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Book of Mormon/Translation/Method
Book of Mormon Translation method
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- Question: Was every word of the Book of Mormon translation provided directly from God?
- Question: What are the Nephite interpreters?
- Question: Did Joseph ever place the Nephite interpreters ("Urim and Thummim") into his hat?
- Question: Did Joseph Smith use the Nephite interpreters to translate? Or did he use his own seer stone?
- Question: Did Joseph Smith use his own seer stone to translate the Book of Mormon?
- Question: Has the Church tried to hide Joseph's use of a seer stone?
- Question: Did Joseph Fielding Smith say that it was not reasonable for Joseph Smith to use a seer stone to translate the Book of Mormon?
- Question: Why were the gold plates needed at all if they weren't used directly during the translation process?
- Question: Can the Book of Mormon be considered a genuine translation if the plates weren’t even used during the translation process?
- A compilation of published statements on the Book of Mormon translation method in both Church and non-Church publications
Question: Was every word of the Book of Mormon translation provided directly from God?
Joseph's view of revelation is nuanced in this regard
Some readers of the Book of Mormon and other students of The Church of Jesus Christ of Latter-day Saints have become concerned with issues that might, in their view, preclude the view that the translation of the Book of Mormon was given word-for-word, directly by God such as the presence of language from the King James Bible in the text. Such a view (that the translation was given word-for word) was expressed by early witnesses to the translation; but Joseph's own view of revelation appears to more nuanced and allow for some flexibility in this regard.
We read in Doctrine and Covenants 1:24:
- 24 Behold, I am God and have spoken it; these commandments are of me, and were given unto my servants in their weakness, after the manner of their language, that they might come to understanding.
Key phrases in this verse include "in their weakness" and "after the manner of their language." While the translation of the Book of Mormon may come directly from God, this does not preclude the role that Joseph would play in adapting the language of the Book of Mormon to a cultural and linguistic framework that would both establish that the text was authentic and inspired while also communicating the Book's message clearly. Thus Joseph's model of revelation is one in which God could use things such as King James language as the means to the end of establishing his everlasting covenant and calling his children to repentance. This theology of translation may feel strange to some Latter-day Saints that might only accept the view that a translation provided by God can only be a formally equivalent (word-for-word) rendering of the Reformed Egyptian into English. Though, this view might build our conviction of the reality of God's love and the truth that we are all God's children and thus gods in embryo given that God, using this instance as an example, recognized the divine potential of Joseph Smith and chose to respect his agency. He worked in cooperation with Joseph (instead of merely subjecting his mind to the revelation) to get his message out to his children. He exalted the human. "Exalting the human" should feel right at home to Latter-day Saints whose theology sees divinity as the fullest expression of humanity.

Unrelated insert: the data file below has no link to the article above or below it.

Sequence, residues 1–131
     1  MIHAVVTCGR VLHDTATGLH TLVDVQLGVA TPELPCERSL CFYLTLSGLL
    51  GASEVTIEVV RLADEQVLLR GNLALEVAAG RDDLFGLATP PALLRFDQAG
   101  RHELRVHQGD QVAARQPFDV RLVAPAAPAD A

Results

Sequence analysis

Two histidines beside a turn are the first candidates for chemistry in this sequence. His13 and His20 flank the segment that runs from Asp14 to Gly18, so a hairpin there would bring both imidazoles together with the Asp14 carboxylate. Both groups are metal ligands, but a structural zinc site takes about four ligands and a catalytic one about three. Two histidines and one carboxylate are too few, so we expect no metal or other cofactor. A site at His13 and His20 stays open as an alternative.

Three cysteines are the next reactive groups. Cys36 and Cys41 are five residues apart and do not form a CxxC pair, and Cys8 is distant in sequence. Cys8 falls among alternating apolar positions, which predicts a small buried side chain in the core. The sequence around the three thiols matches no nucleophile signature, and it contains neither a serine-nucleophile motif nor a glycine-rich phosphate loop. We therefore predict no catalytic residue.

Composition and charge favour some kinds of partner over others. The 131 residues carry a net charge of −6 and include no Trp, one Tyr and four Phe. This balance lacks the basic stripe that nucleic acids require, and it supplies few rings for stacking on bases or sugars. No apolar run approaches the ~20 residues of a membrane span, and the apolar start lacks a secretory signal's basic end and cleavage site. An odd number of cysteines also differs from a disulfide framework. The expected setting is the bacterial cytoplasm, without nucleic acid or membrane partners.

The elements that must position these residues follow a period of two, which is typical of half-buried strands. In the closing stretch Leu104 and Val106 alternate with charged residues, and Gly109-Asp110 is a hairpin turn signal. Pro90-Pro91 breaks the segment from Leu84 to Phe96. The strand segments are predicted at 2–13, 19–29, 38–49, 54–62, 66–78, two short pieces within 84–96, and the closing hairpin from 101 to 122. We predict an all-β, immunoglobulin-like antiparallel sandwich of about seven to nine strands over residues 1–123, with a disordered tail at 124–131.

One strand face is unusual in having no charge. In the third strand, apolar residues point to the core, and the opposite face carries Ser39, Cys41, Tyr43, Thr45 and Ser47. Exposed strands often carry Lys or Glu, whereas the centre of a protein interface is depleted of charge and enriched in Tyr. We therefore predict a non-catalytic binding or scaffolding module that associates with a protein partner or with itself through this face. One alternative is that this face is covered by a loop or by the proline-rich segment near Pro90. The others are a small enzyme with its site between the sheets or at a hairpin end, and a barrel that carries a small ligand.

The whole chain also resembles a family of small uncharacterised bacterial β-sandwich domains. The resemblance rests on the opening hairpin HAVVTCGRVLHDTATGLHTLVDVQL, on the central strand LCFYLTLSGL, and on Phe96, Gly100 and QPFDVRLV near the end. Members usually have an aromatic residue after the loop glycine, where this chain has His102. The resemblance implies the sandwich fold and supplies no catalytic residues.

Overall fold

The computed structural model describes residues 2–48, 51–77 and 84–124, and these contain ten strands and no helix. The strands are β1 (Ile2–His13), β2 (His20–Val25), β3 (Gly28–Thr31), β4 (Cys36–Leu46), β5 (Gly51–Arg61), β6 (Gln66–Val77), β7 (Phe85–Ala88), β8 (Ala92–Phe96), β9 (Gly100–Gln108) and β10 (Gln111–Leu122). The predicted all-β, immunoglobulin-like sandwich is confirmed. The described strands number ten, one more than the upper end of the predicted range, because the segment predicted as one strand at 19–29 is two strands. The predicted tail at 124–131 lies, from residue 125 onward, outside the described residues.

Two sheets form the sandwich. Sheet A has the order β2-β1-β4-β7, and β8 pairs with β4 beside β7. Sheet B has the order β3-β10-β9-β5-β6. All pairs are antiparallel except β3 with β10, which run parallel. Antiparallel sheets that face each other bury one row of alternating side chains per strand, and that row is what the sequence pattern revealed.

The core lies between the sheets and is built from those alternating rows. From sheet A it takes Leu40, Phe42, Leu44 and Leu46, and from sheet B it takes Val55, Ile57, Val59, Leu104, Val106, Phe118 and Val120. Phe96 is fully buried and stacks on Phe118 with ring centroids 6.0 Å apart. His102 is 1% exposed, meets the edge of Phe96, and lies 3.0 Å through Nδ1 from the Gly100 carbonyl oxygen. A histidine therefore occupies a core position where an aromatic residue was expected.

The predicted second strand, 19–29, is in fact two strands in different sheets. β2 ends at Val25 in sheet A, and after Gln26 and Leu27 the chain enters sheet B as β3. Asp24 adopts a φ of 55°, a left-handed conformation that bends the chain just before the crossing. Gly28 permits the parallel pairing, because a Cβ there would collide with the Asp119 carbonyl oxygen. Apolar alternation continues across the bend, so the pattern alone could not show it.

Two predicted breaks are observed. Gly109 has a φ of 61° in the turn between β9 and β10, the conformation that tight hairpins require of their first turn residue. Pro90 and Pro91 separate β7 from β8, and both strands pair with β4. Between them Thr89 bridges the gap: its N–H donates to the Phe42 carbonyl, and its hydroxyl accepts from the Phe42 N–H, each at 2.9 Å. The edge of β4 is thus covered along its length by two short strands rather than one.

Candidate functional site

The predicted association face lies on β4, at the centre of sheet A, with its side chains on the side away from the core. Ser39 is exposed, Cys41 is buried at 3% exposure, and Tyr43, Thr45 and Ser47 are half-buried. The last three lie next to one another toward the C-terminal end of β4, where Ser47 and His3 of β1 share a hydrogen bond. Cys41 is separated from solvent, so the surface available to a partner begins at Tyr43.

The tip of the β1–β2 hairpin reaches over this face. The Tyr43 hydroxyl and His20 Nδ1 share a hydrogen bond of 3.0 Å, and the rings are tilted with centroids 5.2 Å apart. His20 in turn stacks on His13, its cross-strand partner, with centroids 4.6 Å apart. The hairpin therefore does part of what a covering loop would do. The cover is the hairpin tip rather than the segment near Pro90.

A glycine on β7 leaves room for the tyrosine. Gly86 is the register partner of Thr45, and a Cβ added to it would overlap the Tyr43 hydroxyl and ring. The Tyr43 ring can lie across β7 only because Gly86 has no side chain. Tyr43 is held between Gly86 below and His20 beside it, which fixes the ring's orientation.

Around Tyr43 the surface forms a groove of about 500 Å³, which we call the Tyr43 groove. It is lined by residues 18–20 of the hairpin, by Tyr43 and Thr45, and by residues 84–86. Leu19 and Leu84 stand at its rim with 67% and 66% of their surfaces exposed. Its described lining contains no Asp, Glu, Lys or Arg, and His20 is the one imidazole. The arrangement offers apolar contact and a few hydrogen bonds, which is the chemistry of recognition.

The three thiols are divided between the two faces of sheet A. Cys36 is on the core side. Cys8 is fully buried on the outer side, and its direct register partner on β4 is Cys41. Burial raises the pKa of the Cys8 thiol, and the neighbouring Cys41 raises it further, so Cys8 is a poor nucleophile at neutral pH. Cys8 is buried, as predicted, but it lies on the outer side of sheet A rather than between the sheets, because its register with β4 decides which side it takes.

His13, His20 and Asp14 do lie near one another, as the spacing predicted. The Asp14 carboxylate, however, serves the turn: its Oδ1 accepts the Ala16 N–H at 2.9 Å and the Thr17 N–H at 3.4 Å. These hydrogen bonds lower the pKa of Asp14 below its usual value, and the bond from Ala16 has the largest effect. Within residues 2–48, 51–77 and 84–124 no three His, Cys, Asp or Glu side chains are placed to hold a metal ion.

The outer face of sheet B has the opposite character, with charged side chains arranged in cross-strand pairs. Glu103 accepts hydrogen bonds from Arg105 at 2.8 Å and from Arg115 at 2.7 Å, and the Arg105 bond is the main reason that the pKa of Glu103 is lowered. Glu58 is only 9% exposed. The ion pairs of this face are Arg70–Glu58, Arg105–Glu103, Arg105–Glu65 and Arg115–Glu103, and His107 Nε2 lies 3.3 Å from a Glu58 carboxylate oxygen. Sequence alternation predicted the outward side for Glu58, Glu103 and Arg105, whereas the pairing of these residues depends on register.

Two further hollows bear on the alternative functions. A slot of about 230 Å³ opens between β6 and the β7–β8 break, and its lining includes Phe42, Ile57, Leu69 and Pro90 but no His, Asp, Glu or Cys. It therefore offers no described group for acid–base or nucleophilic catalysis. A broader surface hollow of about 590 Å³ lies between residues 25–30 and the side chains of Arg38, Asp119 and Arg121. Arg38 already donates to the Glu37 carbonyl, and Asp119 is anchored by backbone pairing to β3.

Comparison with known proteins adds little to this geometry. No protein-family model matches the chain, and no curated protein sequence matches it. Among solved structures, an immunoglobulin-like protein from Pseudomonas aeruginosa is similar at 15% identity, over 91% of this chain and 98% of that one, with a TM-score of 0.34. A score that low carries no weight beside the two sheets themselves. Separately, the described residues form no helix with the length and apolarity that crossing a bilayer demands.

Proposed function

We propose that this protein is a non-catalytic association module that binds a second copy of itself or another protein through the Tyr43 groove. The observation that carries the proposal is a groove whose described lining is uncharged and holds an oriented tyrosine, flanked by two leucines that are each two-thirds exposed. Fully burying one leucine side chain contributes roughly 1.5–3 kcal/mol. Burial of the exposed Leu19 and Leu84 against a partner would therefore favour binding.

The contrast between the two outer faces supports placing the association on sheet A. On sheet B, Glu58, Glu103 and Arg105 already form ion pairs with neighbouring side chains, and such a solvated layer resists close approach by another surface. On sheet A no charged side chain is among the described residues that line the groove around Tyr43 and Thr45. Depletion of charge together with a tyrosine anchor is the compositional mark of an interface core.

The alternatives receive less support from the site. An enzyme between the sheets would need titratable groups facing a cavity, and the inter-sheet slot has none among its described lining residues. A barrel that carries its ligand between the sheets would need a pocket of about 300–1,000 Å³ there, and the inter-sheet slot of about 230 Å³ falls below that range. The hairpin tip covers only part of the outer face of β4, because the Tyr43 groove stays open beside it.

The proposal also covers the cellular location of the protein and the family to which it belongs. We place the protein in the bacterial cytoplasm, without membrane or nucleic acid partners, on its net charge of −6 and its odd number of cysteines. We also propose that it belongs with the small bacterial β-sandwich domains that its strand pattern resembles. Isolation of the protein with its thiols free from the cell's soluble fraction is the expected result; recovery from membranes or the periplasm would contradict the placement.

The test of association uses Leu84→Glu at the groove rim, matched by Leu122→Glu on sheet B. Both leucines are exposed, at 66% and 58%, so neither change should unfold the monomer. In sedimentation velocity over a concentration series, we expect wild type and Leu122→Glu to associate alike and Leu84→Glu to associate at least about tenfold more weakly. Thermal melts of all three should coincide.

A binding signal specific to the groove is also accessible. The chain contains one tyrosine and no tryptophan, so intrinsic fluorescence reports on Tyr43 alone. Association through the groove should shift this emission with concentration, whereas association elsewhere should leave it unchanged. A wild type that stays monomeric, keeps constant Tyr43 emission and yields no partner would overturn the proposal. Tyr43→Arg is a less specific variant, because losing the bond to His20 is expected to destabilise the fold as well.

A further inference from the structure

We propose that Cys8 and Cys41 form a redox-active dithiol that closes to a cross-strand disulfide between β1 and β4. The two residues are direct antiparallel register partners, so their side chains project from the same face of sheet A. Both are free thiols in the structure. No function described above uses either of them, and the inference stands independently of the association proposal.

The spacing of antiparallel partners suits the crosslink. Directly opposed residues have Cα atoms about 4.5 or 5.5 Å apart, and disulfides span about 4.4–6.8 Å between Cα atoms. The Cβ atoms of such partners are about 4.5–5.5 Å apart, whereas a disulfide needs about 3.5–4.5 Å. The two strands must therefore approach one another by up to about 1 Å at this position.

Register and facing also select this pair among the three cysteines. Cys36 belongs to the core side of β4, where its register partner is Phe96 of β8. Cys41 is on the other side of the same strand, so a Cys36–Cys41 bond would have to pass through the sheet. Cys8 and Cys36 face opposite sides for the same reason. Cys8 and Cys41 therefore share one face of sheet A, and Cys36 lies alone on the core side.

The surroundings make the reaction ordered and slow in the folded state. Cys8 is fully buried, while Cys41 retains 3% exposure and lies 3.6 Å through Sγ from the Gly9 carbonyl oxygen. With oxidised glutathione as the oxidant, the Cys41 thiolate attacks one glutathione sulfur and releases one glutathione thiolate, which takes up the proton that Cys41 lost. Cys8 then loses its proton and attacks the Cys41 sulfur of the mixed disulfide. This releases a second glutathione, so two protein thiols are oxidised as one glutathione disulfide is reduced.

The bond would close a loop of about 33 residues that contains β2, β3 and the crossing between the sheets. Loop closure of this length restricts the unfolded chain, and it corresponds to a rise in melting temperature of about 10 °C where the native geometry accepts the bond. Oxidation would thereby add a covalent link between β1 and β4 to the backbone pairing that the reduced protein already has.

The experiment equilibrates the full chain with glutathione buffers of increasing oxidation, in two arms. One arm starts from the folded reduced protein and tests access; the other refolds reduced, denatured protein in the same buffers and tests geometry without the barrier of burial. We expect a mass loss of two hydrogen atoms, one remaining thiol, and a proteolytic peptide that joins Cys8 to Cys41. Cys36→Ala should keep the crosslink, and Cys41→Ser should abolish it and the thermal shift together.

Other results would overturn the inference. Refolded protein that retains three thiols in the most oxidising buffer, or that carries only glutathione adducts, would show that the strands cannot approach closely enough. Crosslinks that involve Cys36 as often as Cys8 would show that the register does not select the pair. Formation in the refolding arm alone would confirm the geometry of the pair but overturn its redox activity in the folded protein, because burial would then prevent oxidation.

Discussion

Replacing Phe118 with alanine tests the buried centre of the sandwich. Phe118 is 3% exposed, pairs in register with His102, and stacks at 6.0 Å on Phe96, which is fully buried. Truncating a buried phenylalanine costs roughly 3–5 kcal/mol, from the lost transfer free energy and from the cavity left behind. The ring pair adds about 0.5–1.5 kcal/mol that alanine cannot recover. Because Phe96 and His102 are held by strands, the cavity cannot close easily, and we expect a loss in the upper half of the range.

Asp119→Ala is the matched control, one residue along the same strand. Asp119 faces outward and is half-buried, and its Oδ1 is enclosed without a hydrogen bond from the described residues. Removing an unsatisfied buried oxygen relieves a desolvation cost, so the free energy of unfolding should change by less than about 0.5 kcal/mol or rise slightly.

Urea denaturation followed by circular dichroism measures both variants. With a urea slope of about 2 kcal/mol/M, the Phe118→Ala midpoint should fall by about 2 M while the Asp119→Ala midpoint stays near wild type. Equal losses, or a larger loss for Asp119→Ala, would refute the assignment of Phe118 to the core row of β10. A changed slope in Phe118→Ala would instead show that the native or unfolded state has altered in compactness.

Question: What are the Nephite interpreters?
The Nephite interpreters are two seer stones set in a framework resembling a set of "spectacles"
The Lord provided a set of seer stones (which were formerly used by Nephite prophets) along with the plates. The term Nephite interpreters can alternatively refer to the stones themselves or the stones in conjunction with their associated paraphernalia (holding rim and breastplate). Some time after the translation, early saints noticed similarities with the seer stones and related paraphernalia used by High Priests in the Old Testament and began to use the term Urim and Thummim interchangeably with the Nephite interpreters and Joseph's other seer stones as well. The now popular use of the term Urim and Thummim has unfortunately obscured the fact that all such devices belong in the same class of consecrated revelatory aids and that more than one were used in the translation.
The manner in which the interpreters were used was never explained in detail
The Nephite interpreters were intended to assist Joseph in the initial translation process, yet the manner in which they were employed was never explained in detail. The fact that the Nephite interpreters were set in rims resembling a pair of spectacles has led some to believe that they may have been worn like a pair of glasses, with Joseph viewing the characters on the plates through them. This, however, is merely speculation that doesn't take into account that Joseph soon disassembled the fixture, the spacing between seer stones being too wide for his eyes. The accompanying breastplate also appeared to have been used by a larger man. Like its biblical counterpart (the High Priest's breastplate contained 12 gems that symbolized him acting as a mediator between God and Israel), the Nephite breastplate was apparently non-essential to the revelatory process.
Question: Did Joseph ever place the Nephite interpreters ("Urim and Thummim") into his hat?
There is evidence that indicates that Joseph did place the "Urim and Thummim" into his hat
The Church states that, "These two instruments—the interpreters and the seer stone—were apparently interchangeable and worked in much the same way such that, in the course of time, Joseph Smith and his associates often used the term “Urim and Thummim” to refer to the single stone as well as the interpreters." and "According to these accounts, Joseph placed either the interpreters or the seer stone in a hat, pressed his face into the hat to block out extraneous light, and read aloud the English words that appeared on the instrument." 
Contemporary accounts indicate that Joseph began the translation using the Nephite interpreters, and finished it using his own seer stone after the loss of the 116 pages of manuscript. Note this account from Martin Harris: